The Court is also demonstrating (in its practice) that it can fulfill the objectives for what it was created, despite all the challenges and the inherent difficulties of its mandate. Last year was particularly productive for the Court. Three resolutions were issued condemning seven accused persons.

The first trial involved Mr. Jean-Pierre Bemba, ex-President and Commander-in-chief of the Movement for the Liberation of Congo. Mr. Bemba was found guilty of murder, rape and sacking for war crimes and crimes against humanity committed in the Central African Republic. I would like to highlight that this was the first time the Count found guilty to such an individual with this type and capacity of command by not exercising an appropriate control on his troops. This is also the first judgement of the International Criminal Court for crimes of sexual violence. The Trial Chamber sentences Mr. Bemba to 18 years of prison. The sentence isn’t definitive yet because it’s being revised by the Appeals Chamber.

In August, we had the first admission of culpability before the Court, which accelerated significantly the trial that only lasted three days. Mr. Al Mahdi, former member of one faction of Al Qaeda, was sentenced to nine years of jail for intentional attacks against historical and religious objects. This case sets a unique precedent before the Court in relation to the destruction of cultural propriety as a war crime.

Finally, in October, the Court also innovated with its first conviction for crimes against the administration of justice. The Trial Chamber plead guilty to all five accused of corrupting the witnesses in the Bemba case, including Mr. Bemba. The penalty will be announced soon. The sentence was already appealed.

In this moment we have three ongoing trials. They all are in the presentation of evidence phase from the part of the prosecutor. Following with the standard practice of the Court, the next phase will be the presentation of the case from the part of the defense.

The first of them is the trial of Mr. Bosco Ntaganda, alleged leader of an armed rebel group in the Democratic Republic of Congo, who is being accused of war crimes and crimes against humanity, including homicide and rape, among other charges.

The trial against Mr. Gbagbo, ex-President of the Ivory Coast and Mr. Blé Goudé, politic leader allied to Mr. Gbagbo is also in progress. They are both accused of crimes against humanity, rape, prosecution and other inhuman acts, supposedly committed in the context of post-election violence in the Ivory Coast.

Finally, several weeks ago began the trial against Mr. Dominic Ongwen. This is an important milestone since it’s the first trial at the ICC relative to Uganda. The orders of arrest against Joseph Kony and other alleged members of the Army of Resistance of the Lord, including Mr. Ongwen were the first orders of arrest issued from the Court. However, the arrest of the suspects was impossible. Joseph Kony remains a fugitive and the transfer of Mr. Ongwen to The Hague, who surrendered voluntarily, took more than 10 years. He is accused of 70 charges of war crimes against humanity.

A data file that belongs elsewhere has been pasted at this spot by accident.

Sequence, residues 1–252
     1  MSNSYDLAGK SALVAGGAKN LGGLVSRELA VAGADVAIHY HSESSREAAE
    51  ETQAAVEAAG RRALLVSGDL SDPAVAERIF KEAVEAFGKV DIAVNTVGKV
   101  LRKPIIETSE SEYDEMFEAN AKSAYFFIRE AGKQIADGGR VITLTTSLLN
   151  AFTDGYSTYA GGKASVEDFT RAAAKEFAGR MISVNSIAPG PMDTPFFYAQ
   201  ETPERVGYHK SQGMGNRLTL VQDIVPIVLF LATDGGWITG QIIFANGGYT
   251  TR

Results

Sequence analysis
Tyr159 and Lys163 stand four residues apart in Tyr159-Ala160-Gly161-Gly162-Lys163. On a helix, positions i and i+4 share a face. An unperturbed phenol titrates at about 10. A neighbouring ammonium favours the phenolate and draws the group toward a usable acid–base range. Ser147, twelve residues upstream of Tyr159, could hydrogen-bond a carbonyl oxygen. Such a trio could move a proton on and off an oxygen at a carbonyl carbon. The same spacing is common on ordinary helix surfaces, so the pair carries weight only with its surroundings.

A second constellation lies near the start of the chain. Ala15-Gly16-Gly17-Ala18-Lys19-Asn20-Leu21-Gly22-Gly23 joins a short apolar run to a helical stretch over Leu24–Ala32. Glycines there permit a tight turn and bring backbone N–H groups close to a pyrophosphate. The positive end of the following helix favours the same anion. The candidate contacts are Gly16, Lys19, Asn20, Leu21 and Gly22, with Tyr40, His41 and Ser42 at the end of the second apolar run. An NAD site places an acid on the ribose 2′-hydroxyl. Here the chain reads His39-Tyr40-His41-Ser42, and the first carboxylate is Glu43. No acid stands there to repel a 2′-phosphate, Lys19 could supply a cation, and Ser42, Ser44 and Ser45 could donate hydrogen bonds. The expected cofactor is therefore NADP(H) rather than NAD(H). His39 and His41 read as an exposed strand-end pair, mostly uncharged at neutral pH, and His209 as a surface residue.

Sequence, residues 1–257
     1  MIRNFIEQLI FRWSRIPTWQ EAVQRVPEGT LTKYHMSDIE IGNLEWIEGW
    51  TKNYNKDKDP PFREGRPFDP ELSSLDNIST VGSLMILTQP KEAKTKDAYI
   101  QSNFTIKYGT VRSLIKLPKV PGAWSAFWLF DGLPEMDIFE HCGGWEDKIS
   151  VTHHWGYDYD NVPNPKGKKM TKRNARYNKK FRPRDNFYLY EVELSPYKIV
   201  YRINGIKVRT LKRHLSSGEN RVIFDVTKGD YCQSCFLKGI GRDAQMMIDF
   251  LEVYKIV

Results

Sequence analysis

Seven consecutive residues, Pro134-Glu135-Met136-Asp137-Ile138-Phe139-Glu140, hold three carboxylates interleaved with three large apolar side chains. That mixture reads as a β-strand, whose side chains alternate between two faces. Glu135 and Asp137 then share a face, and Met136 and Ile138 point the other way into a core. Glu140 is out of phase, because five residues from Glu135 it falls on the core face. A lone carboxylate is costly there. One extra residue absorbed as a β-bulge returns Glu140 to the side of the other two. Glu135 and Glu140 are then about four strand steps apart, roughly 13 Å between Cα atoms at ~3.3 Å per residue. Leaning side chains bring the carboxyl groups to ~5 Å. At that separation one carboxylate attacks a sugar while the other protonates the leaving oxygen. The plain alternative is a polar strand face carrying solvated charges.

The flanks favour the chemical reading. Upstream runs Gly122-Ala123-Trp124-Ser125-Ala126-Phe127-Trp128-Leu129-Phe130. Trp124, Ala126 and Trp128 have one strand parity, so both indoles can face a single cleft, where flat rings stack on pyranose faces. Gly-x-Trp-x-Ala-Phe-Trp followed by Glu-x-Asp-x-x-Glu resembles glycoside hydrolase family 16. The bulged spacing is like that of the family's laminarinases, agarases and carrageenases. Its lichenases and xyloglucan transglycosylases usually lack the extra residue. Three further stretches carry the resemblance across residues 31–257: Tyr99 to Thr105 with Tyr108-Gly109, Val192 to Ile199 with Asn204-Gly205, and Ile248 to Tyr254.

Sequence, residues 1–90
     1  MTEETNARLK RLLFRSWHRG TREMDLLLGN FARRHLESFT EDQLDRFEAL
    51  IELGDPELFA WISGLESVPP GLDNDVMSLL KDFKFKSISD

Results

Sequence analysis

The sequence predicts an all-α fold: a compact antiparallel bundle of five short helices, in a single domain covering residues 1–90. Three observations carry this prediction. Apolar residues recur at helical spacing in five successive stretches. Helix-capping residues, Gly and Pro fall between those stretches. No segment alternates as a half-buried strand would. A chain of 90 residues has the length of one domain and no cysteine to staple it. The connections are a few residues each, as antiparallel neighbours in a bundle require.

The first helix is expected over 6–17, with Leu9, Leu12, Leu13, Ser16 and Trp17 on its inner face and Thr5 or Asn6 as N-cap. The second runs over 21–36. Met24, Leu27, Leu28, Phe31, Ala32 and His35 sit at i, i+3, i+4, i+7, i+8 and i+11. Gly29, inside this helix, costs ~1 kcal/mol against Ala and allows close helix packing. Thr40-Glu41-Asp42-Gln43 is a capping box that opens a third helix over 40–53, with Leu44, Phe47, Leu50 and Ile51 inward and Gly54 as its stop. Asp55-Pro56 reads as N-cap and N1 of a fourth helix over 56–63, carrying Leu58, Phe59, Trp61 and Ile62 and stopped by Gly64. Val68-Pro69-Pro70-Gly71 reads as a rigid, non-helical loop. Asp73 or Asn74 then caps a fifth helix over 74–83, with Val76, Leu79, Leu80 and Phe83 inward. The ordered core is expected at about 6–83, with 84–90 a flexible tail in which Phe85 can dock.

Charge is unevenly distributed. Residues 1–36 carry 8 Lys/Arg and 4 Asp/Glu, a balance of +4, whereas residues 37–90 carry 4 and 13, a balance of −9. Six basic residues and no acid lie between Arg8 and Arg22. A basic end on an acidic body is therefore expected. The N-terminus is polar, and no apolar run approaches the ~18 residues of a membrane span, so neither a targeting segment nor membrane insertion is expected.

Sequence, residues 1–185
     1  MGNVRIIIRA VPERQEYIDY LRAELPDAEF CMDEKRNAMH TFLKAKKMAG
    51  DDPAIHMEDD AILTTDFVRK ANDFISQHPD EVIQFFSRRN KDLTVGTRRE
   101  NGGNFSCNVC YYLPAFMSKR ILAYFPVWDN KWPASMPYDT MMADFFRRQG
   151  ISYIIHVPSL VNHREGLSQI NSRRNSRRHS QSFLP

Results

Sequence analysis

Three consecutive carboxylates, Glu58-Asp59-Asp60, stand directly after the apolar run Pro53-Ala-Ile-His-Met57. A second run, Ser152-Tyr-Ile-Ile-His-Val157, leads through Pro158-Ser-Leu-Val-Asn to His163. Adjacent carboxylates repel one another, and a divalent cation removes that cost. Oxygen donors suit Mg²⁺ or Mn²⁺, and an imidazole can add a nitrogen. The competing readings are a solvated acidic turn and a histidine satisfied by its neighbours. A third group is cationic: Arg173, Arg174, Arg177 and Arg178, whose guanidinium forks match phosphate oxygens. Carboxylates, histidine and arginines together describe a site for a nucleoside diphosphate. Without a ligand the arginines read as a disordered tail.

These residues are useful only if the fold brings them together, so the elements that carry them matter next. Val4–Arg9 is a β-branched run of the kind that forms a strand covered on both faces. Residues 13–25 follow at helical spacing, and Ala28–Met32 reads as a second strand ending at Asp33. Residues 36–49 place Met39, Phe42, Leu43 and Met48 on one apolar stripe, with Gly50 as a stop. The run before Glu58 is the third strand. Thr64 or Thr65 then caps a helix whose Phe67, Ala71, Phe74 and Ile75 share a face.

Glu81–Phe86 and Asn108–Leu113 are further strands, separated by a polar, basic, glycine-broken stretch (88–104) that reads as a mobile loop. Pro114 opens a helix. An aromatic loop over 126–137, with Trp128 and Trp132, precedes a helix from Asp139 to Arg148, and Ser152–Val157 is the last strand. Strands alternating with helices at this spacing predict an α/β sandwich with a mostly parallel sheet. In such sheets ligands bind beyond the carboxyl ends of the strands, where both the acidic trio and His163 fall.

The Court is also busy on other fronts.

The prosecution is investigating ten situations with previous authorization of the judges, including the last investigation that was initiated in Georgia. The prosecutor is also conducting preliminary exams in relation to ten countries in four different continents.

After the condemnations, the Court has decided to start to apply for the first time its innovative juridical frame in the reparation to the victims. Currently, four cases related with crimes like forced recruitment of child soldiers, attacks against the civil population and the destruction of cultural goods are being examined.

Ladies and gentlemen,

Lawyers perform a central role at the International Criminal Court and participate in every aspect of its functioning, as lawyers of the suspects, of the accused and as legal representatives of the victims.

Therefore the independence and the quality of our lawyers is of great importance as our legal framework recognizes it. The Rules of Procedure and Evidence, as well as the professional code of conduct for the defense establish standards and minimal qualifications for lawyers as well as a process for their nomination. It must be emphasized that the professional code of conduct was adopted after a rigorous process of consultation with independent representative organisms and juridical associations, in which the International Criminal Bar was involved.